There’s a new report out called Is School Funding Fair: A National Report Card written by Prof. Bruce Baker of Rutgers (and the blog SchoolFinance 101), David Sciarra, Executive Director of Education Law Center, and Danielle Farrie, also of ELC. The authors “examine the condition of states’ finance systems as the country emerges from the Great Recession, but is still wrestling with its consequences” and strive to make the case that states “take immediate and longer-term action to improve the fairness of their school finance systems.”
New Jersey, once “one of the fairest states,” is cited for declining funding levels; we now, according to the authors, fund schools at $2,619 below 2007 levels.
Check out the review of the report by Holly Yettick at Education Week. She asked Professor Nora Gordon of Georgetown University for feedback because there was no formal peer review process.:
There are significant and distressing disparities in district-level funding both within and across states, and it’s particularly worrisome that these disparities are sometimes regressive.” However, she [Gordon] also believes that using funding as a proxy for school quality does a disservice to poor students, the very ones the authors want to advocate for. An ideal comparison of how districts and states are doing would include data on student outcomes, like how the income gap in NAEP scores varies by state. Two states with similar levels and distributions of funding could have very different student outcomes depending on what they’re doing with their money, which is a lot harder to measure than their revenue levels. This is the line of reasoning behind recent federal efforts, like Race to the Top and ESEA [Elementary and Secondary Education Act] flexibility. Whether or not you’re a fan of the particular policies they’re trying to promote, it’s clear that the federal government is interested in changing how education agencies and schools run, not just in how much money they have.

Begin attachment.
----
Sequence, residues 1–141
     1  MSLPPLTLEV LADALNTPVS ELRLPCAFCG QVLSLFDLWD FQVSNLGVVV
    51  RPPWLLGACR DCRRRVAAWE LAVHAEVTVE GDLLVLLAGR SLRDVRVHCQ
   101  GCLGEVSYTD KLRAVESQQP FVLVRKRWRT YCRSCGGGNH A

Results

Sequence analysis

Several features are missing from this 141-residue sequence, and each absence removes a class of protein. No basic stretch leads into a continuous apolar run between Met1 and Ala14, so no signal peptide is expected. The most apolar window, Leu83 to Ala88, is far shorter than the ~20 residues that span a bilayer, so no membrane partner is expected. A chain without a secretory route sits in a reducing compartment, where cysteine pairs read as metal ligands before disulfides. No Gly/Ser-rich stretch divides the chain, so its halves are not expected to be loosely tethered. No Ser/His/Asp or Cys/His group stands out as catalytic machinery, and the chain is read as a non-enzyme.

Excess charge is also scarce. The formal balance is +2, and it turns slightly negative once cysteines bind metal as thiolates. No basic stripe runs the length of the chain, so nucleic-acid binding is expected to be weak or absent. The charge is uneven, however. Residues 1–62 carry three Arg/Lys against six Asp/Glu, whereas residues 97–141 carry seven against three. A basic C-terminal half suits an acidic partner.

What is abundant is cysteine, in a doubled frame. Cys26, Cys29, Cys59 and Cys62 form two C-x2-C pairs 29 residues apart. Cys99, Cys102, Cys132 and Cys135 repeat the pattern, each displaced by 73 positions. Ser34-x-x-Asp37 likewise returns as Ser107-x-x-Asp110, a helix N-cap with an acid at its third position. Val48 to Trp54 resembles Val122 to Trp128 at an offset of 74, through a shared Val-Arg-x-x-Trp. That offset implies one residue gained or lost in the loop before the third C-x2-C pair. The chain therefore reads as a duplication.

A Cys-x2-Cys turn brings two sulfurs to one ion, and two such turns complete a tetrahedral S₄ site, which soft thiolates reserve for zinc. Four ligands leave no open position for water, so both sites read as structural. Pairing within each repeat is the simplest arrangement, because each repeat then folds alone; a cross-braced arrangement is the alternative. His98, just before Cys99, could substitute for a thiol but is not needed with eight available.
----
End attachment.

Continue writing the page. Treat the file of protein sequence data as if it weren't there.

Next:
Danielle Farrie agreed with Yettick that it would interesting to try to correlate school funding with outcomes but Bruce Baker tweeted that Gordon’s critique is “silly.”